The engineering challenges involved in moving to small cells

4 mins read

More people will be able to make mobile calls and post social media content because mini base stations will boost capacity. But sprinkling small cells within a LTE macro cell is causing an engineering rethink.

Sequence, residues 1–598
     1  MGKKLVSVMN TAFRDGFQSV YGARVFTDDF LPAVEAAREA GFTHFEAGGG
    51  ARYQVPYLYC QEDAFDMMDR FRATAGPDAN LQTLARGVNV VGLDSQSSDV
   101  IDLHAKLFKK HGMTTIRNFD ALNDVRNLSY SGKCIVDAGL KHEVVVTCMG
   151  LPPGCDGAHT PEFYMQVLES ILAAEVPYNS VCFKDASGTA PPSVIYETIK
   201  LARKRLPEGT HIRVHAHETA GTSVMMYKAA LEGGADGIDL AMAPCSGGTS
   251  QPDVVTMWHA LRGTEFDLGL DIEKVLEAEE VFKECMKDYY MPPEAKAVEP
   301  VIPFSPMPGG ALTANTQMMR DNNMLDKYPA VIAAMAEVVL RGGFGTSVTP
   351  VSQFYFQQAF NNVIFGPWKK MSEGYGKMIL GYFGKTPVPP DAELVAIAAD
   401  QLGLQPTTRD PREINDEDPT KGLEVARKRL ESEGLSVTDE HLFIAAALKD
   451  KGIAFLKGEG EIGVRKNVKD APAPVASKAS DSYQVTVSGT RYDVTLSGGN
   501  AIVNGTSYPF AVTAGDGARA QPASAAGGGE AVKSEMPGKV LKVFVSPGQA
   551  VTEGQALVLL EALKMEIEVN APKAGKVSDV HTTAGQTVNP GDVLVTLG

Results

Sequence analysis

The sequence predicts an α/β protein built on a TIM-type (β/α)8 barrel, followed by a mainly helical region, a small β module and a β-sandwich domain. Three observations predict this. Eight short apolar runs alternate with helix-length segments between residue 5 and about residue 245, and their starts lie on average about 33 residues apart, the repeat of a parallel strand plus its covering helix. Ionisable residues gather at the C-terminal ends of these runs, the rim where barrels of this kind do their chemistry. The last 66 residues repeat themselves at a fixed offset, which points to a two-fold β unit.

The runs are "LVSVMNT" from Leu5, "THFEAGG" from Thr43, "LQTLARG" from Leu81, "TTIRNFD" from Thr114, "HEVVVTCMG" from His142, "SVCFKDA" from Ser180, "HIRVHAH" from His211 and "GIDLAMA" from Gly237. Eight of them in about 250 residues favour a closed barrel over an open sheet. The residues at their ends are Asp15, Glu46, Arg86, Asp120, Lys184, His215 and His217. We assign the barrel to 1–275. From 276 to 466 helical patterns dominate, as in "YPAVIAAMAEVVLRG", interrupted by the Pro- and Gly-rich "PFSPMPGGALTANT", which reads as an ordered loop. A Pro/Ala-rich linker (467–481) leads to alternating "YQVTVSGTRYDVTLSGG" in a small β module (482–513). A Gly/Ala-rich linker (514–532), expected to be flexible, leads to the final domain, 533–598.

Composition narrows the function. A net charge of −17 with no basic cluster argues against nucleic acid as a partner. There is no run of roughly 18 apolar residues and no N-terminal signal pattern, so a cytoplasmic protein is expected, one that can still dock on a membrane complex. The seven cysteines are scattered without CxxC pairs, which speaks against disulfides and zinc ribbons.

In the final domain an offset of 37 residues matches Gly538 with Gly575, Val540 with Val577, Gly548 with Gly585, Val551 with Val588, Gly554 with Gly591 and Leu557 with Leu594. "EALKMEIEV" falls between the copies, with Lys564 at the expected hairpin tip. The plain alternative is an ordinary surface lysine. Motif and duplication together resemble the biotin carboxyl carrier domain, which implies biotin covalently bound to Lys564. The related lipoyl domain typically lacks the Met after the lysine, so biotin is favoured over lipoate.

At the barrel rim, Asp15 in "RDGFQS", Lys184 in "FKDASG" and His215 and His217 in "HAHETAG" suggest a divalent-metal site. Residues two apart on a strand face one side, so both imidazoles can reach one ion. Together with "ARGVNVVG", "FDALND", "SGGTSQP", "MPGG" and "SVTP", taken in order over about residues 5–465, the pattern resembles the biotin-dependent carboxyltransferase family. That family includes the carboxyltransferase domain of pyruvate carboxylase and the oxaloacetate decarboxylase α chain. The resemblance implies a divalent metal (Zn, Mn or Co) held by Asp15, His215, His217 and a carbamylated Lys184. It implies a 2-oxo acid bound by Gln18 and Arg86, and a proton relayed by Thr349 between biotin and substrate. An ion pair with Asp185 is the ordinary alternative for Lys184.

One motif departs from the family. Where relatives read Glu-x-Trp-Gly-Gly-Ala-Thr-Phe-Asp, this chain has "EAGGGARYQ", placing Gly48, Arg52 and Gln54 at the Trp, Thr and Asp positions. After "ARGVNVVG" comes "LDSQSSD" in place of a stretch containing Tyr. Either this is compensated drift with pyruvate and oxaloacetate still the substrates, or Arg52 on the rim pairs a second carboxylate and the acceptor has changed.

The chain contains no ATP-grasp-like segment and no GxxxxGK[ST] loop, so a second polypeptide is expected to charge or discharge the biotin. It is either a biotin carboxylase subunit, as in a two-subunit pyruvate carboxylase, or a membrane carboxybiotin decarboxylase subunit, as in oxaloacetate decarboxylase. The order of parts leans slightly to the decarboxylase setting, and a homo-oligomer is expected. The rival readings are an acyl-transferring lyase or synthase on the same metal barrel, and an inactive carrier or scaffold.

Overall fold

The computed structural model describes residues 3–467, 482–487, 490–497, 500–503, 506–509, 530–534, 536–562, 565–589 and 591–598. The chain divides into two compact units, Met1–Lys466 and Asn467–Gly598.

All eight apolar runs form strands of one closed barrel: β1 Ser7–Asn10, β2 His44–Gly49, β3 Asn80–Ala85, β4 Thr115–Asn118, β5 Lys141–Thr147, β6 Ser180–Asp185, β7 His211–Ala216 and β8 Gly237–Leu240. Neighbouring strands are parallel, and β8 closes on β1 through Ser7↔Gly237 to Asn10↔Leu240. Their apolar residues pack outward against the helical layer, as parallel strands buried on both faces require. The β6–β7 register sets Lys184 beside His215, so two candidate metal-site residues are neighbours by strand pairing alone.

Radio engineers are having to balance the benefits of capacity with the placement of radio elements – small cells, radio heads and baseband units – to best cope with burgeoning networking requirements. Even the make up of a small cell is under scrutiny. Already, a new small cell interface standard is likely to appear in 2015, with silicon to follow. Small cells range from indoor family units to outdoor ones serving hundreds of users (see box). Small cells improve radio performance whilst providing a cost effective way to expand LTE networks. "The best way to deliver data rates is to focus on small cells," said Nick Karter, vice president of product management at Qualcomm Atheros. "The small cell brings a significant cost reduction factor compared to a macrocell." But small cells also introduce complexities. Interference is one; small cells use the same spectrum as the macro cell. Moreover, techniques that boost radio performance and counter interference require cooperation between cells, placing demands on the network. One such scheme – enhanced intercell interference coordination (eICIC) – uses time multiplexing to reduce interference. "When the macro cell is quiet, all the small cells can use that spectrum as theirs," said Ulrich Kohn, director of technical marketing at ADVA Optical Networking. eICIC requires the sharing of frequency and timing information between cells. Frequency information has always been shared, says Kohn, but timing is new. Engineers thus find themselves having to reconcile two contradictory trends. One trend is the distribution of radio intelligence to the network edge with the deployment of small cells. A small cell is self contained, comprising all the required radio functionality: RF and baseband hardware; the LTE software stack and layer-2 (Ethernet) and layer-3 (IP) networking. Having intelligence at the network edge benefits mobile backhaul, with relatively low traffic rates being passed to the core. The second trend, running counter to the first, is centralising radio resources to the network core. Pooling base stations promises higher equipment usage and operational gains. By pooling hardware, capacity can be moved between cells as required, unlike the present, where the full capacity of each cell is rarely used. Pooling baseband functionality also promises the IT benefits of virtualisation and cloud computing. Operators can replace specialist baseband equipment with software running on virtualised servers, an approach dubbed Cloud-RAN. "Virtualisation allows you to build extremely dense nodes that are highly collaborative," said Mike Schabel, vice president of small cells at Alcatel-Lucent. A huge 'virtual' base station also suits LTE developments such as Coordinated Multi-Point (CoMP), a form of MIMO (multiple-input, multiple output) in which more than one antenna is used to send signals to improve cell capacity and coverage. Instead of sending the signal from multiple antennas at one cell site, CoMP extends MIMO's use of radio diversity by using neighbouring cells' antennas, kilometres apart. The LTE macrocell, unlike a small cell, already partitions radio functions, albeit locally. The mast mounted radio head is linked to the baseband unit tens of metres away using the Common Public Radio Interface (CPRI). Employing centralised intelligence, the separation between the radio heads and baseband units grows to tens of kilometres. The downside is that each CPRI stream from the radio head can be up to 10Gbit/s; CPRI carries digitised radio signals, rather than user traffic, which is 50 times smaller. Mobile operators want the greater efficiencies, but may baulk at the networking cost. Hence the need for an engineering rethink to benefit from pooling without the networking expense. "Maybe there is some variation in the middle," said Rupert Baines, a consultant with Cavium Networks' wireless group. "That is essentially what front-hauling is about." The Small Cell Forum announced in June its intention to address virtualisation. This initiative will explore ways of meeting the various small cell deployment scenarios whilst reducing the front-haul networking requirements. Existing LTE base stations and small cells have an S1 interface at one end, used for mobile backhaul to the Evolved Packet Core, and the radio interface at the other end (see fig 2). Small cell vendors and organisations such as the Small Cell Forum are investigating how small cell functionality can be split to reduce front haul traffic. "What does the architecture look like if you shift functionality towards the edge or towards the core?" Baines asked. The main LTE cell functional blocks include the PDCP/RLC/MAC functions that translate between the protocol layers, from time slot data to packets ready for backhauling. Such tasks are performed on a host processor. The FEC/ QAM antenna mapping and resource mapping require DSP, while the FFT/ cyclic prefix and CPRI encode is what Baines calls 'grunt work'. There are four potential interface points where small cell partitioning could be performed: from the MAC-PHY front-haul interface through to the Split III subframe symbol front-haul. Baines says Split III is one possible interface. Here, the IFFT function and cheap digital filtering could be moved to the radio head, reducing the data rate by 5 or 10 times. But he points out that assessing the merits of each potential interface point is far from trivial. "It is an engineering tradeoff. The further up the stack you go, the cheaper the backhaul gets and the easier latency gets," said Baines. "But there is more expense at the edge and we are losing out on eICIC and massive MIMO efficiencies." Cavium's small cell silicon includes the Octeon Fusion, while its Octeon chip performs the PDCP/RLC/MAC functions for 70% of LTE macro cells; equipment vendors provide their own silicon for the DSP and lower layer tasks. Qualcomm offers two small cell chip families: the FSM90xx for residential use and the FSM99xx for enterprise and metro. Both are Small Cell Forum members. Alcatel-Lucent and Cisco Systems are also investigating ways to split the small cell's functions and do away with CPRI. "It allows you to get the best of both worlds: use an Ethernet interface, something very simple, and get the benefits of virtualisation," said Alcatel-Lucent's Schabel. Cisco's goal is using IP for front-hauling. "What we are seeing with virtualisation and IP-based front-haul is new ways of deploying radios – how they integrate into the network," said Adam MacHale, CTO of mobility in EMEAR at Cisco. IP and Ethernet are more prevalent and simplify small cell connection compared to fibre or microwave. "Running traffic over IP removes the constraint as to where you put the controller," said MacHale. The Small Cell Forum's virtualisation work is seen as significant by the industry. The organisation's recommendations regarding the interface of choice will be fast tracked into the 3GPP LTE standards body where it will become formalised. But that won't be before 2015.